Harrison: I have no idea. I can see the coast of Florida in front of me. And I have no idea.
We’d later learn that as Harrison was pulling the plane out of the nosedive, he was also turning the plane. Harrison would later credit “common sense” for figuring this out.
I’d say that kind of common sense is not so common.
Now this, from the Associated Press story:
“Minutes passed before controllers were able to locate the plane, which by then was heading north over Boca Raton.
“Then the man’s voice seemed to fade, so the controller in Fort Pierce asked for the passenger’s cellphone number to enable controllers at Palm Beach International Airport to communicate with him more clearly.”
Not only is Harrison in charge of a plane he doesn’t know how to fly with two other people on board, but now he also has to talk on the phone?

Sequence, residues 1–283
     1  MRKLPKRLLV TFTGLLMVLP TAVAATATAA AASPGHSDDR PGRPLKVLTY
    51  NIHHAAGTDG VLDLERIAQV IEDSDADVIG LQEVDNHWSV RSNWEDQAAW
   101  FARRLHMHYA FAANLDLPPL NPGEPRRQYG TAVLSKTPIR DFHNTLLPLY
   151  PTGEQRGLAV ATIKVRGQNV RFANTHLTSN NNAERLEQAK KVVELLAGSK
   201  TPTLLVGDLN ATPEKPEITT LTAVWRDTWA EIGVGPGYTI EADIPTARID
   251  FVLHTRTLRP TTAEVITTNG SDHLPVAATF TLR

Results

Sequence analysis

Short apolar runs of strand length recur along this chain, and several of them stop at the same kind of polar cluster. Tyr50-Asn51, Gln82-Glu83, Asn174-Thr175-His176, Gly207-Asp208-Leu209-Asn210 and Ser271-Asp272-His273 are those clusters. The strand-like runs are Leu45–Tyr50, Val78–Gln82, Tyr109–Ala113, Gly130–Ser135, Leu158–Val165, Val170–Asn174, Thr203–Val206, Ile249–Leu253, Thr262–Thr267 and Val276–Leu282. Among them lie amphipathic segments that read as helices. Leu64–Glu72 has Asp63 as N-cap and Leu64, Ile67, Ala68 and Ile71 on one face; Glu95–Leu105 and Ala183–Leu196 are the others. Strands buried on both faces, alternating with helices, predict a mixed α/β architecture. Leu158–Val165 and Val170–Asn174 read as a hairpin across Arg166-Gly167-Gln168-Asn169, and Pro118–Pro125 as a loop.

Then, in a stroke of incredible luck,
“Palm Beach International Airport traffic controller Robert Morgan, a 20-year veteran, took over at that point…”
We’ll learn later that Morgan happened to be working an extra shift at Palm Bech International Airport that day.
We’ll also learn that Moran happened to be a certified flight instructor with experience piloting Cessna aircraft.
Incredible luck for Harrison.
Morgan and Harrison were able to determine the plane’s airspeed and altitude, and from there, Morgan began teaching Harrison flying basics.
I’ve heard of “learn while you earn,” but this was “learn or die.”
And since the plane was above land, there was now a serious risk to people on the ground, as well.
Departures at the Palm Beach International Airport were halted, emergency responders were dispatched, and vehicles and aircraft were moved away from the runway to make space, according to an FAA news release.